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  • September 24, 2020

Beginner's Guide: Calculating Pot Odds


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It is pretty normal for beginners to the exciting game of real money poker wins to feel a bit left out of the action of being able to precisely and mathematically sustain their game like the more advanced level players seem to by accurately and most times, discreetly calculating pot odds. This article aims at changing all that so that even beginner poker players can understand the importance and method of calculating for the pot odds.
Understanding and acting on pot odds is critical to winning at poker. You’ll need to take pot odds into consideration when determining if it will be profitable to draw to your straight or flush, a decision you will make dozens of times in a single session.
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The main point beginner players must keep in mind when evaluating pot odds is whether a draw would be beneficial to their straight or a flush, which is the big question every new player is faced with, sometimes several times in the same session. So, just be prepared to take a timely and calculated call.
When you’re playing poker, you’ll frequently encounter this scenario: Your opponent has a made hand and is betting, and you’re in the pot with nothing but a draw.  In this instance, when you are at the receiving end ‘drawing’ – you are typically holding 4 to a straight or 4 to a flush, in the hope of getting a card that gives you a winning hand. However, it is not advisable to continue playing on unless you have learned how to calculate the pot odds and whether these are likely to be in your favor or not, since a smart gambler should know when to throw ‘em and know when to fold ‘em. Beginners can learn the science of calculating pot odds for making profitable decisions at the right time so they can let a hand go or hold on to the one draw that can turn the odds to their advantage.
Much like calculating your outs, calculating your pot odds sounds a lot more difficult than it is. With a little practice and a little seventh-grade math, you can master this concept fairly quickly.
The below example is based on limit hold’em poker only because it is a simple way of explaining the game dynamics but works just as well in the higher risk, higher profit scenario of No-limit games as well. Take a look:
Suppose your game is the $1/$2 Limit Hold’em version and you have an ace and king of spades folded to you on the button on which you raise to a $2 amount. Both big and small blinds may call at this point and you are triple-handed for a flop of jack of spades, queen of clubs and a 3 of spades with the small blind placing a bet of $1 and a call made by the big blind.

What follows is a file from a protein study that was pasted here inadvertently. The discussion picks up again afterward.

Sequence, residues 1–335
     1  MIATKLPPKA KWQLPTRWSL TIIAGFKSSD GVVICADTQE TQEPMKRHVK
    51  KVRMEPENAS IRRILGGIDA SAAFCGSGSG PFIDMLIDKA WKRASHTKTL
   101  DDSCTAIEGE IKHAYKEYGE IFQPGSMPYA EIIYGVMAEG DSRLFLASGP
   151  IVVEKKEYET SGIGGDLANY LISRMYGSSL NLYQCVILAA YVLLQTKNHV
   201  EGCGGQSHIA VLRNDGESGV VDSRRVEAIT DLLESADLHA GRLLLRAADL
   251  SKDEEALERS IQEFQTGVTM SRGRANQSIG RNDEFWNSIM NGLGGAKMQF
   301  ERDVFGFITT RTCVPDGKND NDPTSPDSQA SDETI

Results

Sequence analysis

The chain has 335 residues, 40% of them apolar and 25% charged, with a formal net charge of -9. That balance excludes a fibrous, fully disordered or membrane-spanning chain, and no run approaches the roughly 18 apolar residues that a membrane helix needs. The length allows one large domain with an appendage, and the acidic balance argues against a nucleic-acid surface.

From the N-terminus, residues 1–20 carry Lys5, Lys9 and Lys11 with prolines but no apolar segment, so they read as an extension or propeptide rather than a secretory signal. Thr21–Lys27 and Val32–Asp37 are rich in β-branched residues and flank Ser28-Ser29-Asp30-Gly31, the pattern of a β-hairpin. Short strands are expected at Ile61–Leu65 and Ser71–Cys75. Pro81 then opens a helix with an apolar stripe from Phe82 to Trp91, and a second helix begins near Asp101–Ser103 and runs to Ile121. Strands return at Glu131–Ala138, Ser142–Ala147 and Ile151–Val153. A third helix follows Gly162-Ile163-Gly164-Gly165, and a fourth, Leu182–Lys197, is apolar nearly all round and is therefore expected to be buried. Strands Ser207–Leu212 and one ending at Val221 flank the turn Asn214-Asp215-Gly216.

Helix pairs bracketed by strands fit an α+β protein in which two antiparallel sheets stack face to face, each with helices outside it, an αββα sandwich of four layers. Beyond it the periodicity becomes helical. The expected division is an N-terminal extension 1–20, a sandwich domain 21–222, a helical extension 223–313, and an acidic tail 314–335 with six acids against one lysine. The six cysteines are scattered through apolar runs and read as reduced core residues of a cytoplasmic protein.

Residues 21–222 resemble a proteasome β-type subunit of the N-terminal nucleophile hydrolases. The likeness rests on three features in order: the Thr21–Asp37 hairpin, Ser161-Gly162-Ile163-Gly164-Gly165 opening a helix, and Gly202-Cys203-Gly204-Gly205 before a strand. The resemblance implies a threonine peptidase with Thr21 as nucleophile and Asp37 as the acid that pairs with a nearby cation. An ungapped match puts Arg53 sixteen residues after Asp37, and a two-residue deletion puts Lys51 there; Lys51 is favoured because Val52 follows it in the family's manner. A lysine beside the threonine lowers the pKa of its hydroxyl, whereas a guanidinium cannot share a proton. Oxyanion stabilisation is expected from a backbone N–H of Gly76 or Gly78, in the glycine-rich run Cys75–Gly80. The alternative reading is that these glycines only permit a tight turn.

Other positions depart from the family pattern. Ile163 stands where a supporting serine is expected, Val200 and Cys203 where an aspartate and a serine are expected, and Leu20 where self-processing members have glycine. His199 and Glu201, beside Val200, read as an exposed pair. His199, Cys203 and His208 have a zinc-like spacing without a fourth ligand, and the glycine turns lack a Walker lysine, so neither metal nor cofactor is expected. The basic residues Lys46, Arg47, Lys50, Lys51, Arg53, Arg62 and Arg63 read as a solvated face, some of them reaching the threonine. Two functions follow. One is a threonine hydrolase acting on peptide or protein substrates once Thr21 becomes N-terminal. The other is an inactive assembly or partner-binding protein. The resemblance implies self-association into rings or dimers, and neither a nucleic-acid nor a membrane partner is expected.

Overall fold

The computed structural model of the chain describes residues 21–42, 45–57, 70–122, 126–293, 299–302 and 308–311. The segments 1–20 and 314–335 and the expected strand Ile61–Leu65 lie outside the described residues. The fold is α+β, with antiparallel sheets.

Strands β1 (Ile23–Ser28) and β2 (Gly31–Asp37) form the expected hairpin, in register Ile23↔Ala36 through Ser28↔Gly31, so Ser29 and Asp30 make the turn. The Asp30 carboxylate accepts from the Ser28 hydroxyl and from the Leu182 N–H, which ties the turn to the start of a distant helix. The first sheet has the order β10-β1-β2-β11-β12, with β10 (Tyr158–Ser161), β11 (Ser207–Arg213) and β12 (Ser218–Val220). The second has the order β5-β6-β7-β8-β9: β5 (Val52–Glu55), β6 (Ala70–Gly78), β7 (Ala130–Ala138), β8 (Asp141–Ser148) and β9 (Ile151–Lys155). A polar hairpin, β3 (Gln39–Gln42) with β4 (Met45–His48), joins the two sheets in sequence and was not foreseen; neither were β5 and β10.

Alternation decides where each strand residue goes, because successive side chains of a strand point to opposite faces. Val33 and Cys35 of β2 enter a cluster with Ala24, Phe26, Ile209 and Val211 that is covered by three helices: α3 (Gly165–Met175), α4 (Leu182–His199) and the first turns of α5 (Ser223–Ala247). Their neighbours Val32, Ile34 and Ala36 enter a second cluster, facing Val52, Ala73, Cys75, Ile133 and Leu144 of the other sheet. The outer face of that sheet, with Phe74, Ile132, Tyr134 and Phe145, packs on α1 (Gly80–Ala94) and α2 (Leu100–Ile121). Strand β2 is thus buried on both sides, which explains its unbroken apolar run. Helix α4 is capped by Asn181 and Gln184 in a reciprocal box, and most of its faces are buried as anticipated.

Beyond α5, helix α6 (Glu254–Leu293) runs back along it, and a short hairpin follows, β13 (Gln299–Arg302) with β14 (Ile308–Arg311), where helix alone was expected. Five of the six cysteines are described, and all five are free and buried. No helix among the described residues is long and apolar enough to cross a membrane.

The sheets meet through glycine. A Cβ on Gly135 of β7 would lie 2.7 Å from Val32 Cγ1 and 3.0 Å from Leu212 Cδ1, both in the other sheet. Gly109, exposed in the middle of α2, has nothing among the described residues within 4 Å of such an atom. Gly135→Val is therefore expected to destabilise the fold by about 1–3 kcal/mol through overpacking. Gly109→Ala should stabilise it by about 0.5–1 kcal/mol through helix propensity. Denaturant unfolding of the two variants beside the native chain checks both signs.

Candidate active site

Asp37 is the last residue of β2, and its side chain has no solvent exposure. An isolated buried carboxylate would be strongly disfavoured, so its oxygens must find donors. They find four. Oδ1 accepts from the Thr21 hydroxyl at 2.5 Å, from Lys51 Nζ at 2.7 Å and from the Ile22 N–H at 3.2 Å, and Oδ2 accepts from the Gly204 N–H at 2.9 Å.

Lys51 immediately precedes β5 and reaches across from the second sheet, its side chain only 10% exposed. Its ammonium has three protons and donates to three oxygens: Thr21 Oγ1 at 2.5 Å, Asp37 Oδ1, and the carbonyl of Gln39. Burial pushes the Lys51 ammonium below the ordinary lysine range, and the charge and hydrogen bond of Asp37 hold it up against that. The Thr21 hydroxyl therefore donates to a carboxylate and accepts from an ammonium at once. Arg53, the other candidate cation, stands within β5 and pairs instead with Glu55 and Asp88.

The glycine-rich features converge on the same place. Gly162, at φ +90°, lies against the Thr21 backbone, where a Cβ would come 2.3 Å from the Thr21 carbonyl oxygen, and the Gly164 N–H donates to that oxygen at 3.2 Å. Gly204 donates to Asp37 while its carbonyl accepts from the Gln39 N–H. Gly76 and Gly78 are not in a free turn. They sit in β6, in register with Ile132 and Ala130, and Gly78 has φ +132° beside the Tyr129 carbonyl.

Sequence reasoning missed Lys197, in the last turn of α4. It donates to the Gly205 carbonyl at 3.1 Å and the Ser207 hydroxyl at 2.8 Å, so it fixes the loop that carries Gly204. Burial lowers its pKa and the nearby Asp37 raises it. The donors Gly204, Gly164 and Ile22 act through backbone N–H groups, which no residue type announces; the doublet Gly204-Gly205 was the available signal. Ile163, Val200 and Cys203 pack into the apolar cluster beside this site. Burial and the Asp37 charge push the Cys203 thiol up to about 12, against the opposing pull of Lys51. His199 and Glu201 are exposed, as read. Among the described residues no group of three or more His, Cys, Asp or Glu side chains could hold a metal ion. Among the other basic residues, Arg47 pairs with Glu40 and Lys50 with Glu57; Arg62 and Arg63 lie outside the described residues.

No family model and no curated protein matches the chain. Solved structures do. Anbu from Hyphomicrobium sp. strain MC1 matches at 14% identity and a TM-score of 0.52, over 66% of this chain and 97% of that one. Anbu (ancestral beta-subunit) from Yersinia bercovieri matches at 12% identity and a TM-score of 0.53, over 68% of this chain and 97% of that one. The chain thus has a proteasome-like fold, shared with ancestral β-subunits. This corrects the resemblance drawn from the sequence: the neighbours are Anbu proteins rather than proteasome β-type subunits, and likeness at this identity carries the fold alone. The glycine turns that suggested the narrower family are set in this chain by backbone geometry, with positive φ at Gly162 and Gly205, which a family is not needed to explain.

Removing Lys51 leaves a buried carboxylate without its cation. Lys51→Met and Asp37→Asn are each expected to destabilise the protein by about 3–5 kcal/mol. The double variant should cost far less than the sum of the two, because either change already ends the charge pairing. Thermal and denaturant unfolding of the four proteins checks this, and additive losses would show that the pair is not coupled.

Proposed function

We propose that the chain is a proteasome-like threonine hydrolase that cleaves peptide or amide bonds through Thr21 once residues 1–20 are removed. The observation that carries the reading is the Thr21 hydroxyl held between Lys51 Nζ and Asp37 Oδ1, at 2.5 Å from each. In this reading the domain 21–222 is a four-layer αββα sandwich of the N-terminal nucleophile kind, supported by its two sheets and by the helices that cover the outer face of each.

Now you are at the level to determine the odds you are getting, so count the bets. 3 players placed $2 prior to the flop (that’s 3×2 equals USD 6) while the small blind placed a bet of $1 and the big blind called on this move (that’s 1+1 equals USD 2). So the pre-flop action value is USD 6 while 2 USD is flop action, totaling USD 8, leaving you to call $1 for winning the pot of $8. Thus, your chance of getting the pot odds is calculated at an instant 8-1 based on your call!
The card that comes at a later street is your out, which you now need to calculate for determining a winning hand; so if both opponents have a queen-pair and bad kicker, this leaves you with 6 ‘outs’ along with 2 over cards of yours in addition to 4 tens for making a straight that is 10 outs total.
At this point, you’ve seen 5 cards (your 2 hole cards + 3 on the board) from the 52; this leaves 47 cards in the deck, of which 10 will contribute on the turn to your winning hand and 37 will not. So, divide this by the outs and you get 3.7 (37/10), leaving you with the odds of 3.7-1. Finally, so your call on the flop is profitable the pot should lay you this value at least but we’ve already calculated the real figure is 8-1, thus it is a much greater positive expectation for you.
Implied Odds
You won’t always be able to limit yourself to calling only when the immediate pot odds are correct. There are also circumstances in which you can profitably call without correct odds on the betting round you’re currently involved in.
This is because of betting to come on later streets, with the initial bad odds overcome by making a big bet should you make your hand.
Implied odds are the implied bets of those later rounds. For more on how they factor into your decision at this stage, see the in-depth article on implied odds.
That’s all there is to it. The math is elementary; anybody should be able to do it in their head. Simple calculations like this are really the essence of poker.
If you’re only calling bets when the pot is laying you correct odds (or when you have good implied odds), in the long run you will be a profitable poker player.
So get into the habit of calculating pot odds. Do it for pots you are not involved in. If you can do it quickly and easily on the spot, the guesswork in your poker game will be eliminated.
Once you have overcome just chasing “a feeling” about your draw, start chasing with correct odds. Your whole poker game will turn around. Before you know it, you’ll be a winning poker player.
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